The Peter Principle and George B. McClellan

By Dan Zeiser
The Cleveland Civil War Roundtable
Copyright © 2007, All Rights Reserved

We are all familiar with the business theory known as the “Peter Principle.” According to this concept, a person continues to rise in an organization until he or she reaches a level that requires more ability than the person has. Put another way, a person advances until reaching a level of incompetence. This principle applies in more areas than just business, and the Civil War is one of those areas. George Brinton McClellan is perhaps the perfect model of this theory in the Civil War.

We love to bash our generals. In the Civil War, there are many to bash — Braxton Bragg, John Bell Hood, Benjamin Butler — all good targets. McClellan, though, proves the Peter Principle best of all. McClellan was an intelligent and talented man with a lot of ability. Raised and well-educated in Philadelphia society, he attended West Point and graduated second. A hero of the Mexican War, he had a successful military career until he left the Army in 1857 to enter business. McClellan became a successful railroad executive, where he met Abraham Lincoln, one of the railroad’s lawyers. He gained a reputation for bringing intelligence and thoroughness to all he undertook.

George B. McClellan

When war broke out, McClellan, with the aid of William Stark Rosecrans and Jacob D. Cox, organized the troops raised by the states of Ohio and Indiana. When events in northwestern Virginia (soon to be West Virginia) required troops, McClellan (with Rosecrans’s and Cox’s help) was largely responsible for victory at Rich Mountain. Called to Washington to head the Division of the Potomac, McClellan showed his greatest skills — the ability to organize, train, and prepare troops for battle. He improved their discipline and morale and, when Winfield Scott retired as commander of all troops in late 1861, Lincoln promoted him to overall commander. It was here that McClellan was exposed to his level of incompetence.

As head of the Army of the Potomac, McClellan was a brilliant organizer and morale builder. He trained the troops and made them one of the most effective fighting forces on the face of the earth. They loved him and would follow him everywhere. However, for some reason, he had difficulty leading them into battle. It certainly was not a lack of confidence in his own ability. McClellan’s ego rivaled that of anyone in history. Anyone who has the temerity to tell the president to sit back while he took care of the country does not doubt one’s self. Nor did he doubt the ability of his men. After all, he trained and led them.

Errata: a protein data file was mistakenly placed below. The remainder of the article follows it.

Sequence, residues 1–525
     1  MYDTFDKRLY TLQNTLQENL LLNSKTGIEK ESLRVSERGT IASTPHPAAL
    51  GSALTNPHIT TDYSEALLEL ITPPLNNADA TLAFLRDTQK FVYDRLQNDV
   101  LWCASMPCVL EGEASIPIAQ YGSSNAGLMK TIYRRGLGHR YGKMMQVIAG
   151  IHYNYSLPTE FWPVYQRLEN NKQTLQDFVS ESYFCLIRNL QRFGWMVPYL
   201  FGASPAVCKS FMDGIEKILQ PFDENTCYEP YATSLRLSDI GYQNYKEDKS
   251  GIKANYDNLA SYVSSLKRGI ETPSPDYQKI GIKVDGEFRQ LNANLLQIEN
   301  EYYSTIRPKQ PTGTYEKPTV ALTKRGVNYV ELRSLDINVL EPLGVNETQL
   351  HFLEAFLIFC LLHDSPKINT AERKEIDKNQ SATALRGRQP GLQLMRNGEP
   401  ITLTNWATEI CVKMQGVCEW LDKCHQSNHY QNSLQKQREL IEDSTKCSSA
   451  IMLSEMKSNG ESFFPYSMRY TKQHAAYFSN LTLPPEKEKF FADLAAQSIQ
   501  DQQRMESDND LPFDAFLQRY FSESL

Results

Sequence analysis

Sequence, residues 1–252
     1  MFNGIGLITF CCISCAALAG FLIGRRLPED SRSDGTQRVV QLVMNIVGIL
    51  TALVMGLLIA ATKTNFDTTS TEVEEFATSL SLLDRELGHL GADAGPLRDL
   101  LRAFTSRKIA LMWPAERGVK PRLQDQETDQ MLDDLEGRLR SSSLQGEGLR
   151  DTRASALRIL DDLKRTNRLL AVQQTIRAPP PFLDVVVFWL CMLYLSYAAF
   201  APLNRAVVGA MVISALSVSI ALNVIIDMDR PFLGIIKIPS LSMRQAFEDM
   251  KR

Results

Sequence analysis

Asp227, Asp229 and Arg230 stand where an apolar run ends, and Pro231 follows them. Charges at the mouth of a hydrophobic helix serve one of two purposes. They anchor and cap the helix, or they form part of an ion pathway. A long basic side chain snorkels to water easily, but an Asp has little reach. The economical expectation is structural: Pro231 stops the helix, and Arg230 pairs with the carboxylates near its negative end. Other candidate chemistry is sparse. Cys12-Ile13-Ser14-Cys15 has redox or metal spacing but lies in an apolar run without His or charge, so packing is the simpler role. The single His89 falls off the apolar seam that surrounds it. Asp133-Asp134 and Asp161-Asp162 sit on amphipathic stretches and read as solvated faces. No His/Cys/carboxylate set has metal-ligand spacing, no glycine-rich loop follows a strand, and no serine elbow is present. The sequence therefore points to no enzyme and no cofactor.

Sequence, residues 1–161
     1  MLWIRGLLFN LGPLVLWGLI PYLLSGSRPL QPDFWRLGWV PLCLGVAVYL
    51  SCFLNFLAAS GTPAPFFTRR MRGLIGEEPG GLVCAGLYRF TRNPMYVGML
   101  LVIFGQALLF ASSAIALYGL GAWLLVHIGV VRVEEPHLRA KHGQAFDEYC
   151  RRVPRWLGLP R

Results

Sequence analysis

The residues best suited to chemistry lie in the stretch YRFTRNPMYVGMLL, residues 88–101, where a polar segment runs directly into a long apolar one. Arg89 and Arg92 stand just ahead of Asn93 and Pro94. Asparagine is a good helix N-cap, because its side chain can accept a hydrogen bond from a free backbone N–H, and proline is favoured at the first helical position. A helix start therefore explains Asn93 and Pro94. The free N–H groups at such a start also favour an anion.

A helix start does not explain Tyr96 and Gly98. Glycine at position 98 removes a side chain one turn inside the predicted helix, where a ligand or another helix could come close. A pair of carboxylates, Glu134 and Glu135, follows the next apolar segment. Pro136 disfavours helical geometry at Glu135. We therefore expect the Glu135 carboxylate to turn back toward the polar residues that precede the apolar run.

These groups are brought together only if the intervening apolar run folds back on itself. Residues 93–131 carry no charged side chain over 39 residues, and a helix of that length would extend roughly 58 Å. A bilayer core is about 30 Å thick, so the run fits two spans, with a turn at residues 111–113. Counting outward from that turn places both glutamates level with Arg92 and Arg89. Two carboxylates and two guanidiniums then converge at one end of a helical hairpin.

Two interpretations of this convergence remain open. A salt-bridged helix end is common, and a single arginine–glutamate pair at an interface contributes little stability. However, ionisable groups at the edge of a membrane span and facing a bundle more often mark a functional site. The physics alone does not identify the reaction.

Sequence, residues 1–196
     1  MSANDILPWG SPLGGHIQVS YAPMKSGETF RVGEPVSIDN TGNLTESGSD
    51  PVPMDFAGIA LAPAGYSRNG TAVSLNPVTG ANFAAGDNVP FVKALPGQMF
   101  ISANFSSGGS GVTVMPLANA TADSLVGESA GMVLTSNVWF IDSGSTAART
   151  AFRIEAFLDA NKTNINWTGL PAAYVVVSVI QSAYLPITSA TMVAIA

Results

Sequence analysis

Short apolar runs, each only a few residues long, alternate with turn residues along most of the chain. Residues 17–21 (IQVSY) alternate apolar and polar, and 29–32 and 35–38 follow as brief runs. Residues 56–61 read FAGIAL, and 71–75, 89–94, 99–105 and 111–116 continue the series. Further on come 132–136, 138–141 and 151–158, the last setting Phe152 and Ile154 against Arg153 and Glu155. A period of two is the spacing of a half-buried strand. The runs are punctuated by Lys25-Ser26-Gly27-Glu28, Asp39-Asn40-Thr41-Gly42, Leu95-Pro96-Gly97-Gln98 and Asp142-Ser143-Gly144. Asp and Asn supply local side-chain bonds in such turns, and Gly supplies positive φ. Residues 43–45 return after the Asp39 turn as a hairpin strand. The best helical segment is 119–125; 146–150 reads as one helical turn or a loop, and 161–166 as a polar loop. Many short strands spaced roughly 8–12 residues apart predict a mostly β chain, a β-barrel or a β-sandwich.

I believe McClellan suffered from an affliction shared by many generals throughout history, an affliction that is deadly to a leader of men. He hated to see his men die in battle. He could train them to die, he could lead them to battle, but when it came to ordering them to die, he hesitated. Not that any general wants to see his men die in battle, none do. But the great ones know that wars cannot be won without men (and women these days) dying. They understand that, sometimes, the sooner men die, the fewer that do. Grant was one of these. In 1864 he understood that his greatest advantage was in men and materiel. He realized that, if he pressured Lee, kept him fighting, costing him casualties, he would win. While many saw the casualties that mounted during the summer of 1864 as evidence that Grant was a butcher, it was exactly the opposite. The more he fought, with the resultant casualties, the sooner the war would be over.

McClellan being cheered by his men

McClellan failed to realize this. It was almost as if McClellan thought that, if he did not fight, the war might simply go away. He rarely fought of his own accord, doing so when it was forced upon him by events, such as Lee’s invasion of Maryland, or by politics, when Lincoln pressured him. He simply could not comprehend that winning the war meant sending young people to die and that, by not doing so, the war would be lengthened, eventually costing even more casualties. He could lead men. He loved to lead men and hear their cheers as he rode by inspecting them. He loved being the commander of all the armies. With his ego, he loved the attention and adulation his soldiers heaped upon him as the savior of the country. He simply could not lead them to their deaths.

Of course, such a fault is mortal to the commanding general. Promoting him to overall commander raised him to his level of incompetence. The question remains, what was his highest level of competence? I believe McClellan would have served well in the Army’s 20th century position of chief of staff. With his intelligence and thoroughness, he would have served well someone like Grant, someone who could lead troops in battle. Whether he could have, with his ego, is another question.